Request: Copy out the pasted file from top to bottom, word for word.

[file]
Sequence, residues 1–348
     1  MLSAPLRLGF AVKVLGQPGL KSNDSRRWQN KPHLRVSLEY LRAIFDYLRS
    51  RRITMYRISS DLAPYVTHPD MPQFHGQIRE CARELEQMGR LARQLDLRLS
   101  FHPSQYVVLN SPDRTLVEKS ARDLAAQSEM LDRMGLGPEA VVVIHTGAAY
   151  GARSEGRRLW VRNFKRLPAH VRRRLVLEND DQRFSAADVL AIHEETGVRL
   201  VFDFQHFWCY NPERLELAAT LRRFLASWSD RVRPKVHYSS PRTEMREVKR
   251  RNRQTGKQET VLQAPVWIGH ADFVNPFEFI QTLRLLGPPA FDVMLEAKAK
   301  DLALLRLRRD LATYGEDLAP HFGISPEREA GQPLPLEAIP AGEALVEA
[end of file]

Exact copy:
Sequence, residues 1–348
     1  MLSAPLRLGF AVKVLGQPGL KSNDSRRWQN KPHLRVSLEY LRAIFDYLRS
    51  RRITMYRISS DLAPYVTHPD MPQFHGQIRE CARELEQMGR LARQLDLRLS
   101  FHPSQYVVLN SPDRTLVEKS ARDLAAQSEM LDRMGLGPEA VVVIHTGAAY
   151  GARSEGRRLW VRNFKRLPAH VRRRLVLEND DQRFSAADVL AIHEETGVRL
   201  VFDFQHFWCY NPERLELAAT LRRFLASWSD RVRPKVHYSS PRTEMREVKR
   251  RNRQTGKQET VLQAPVWIGH ADFVNPFEFI QTLRLLGPPA FDVMLEAKAK
   301  DLALLRLRRD LATYGEDLAP HFGISPEREA GQPLPLEAIP AGEALVEA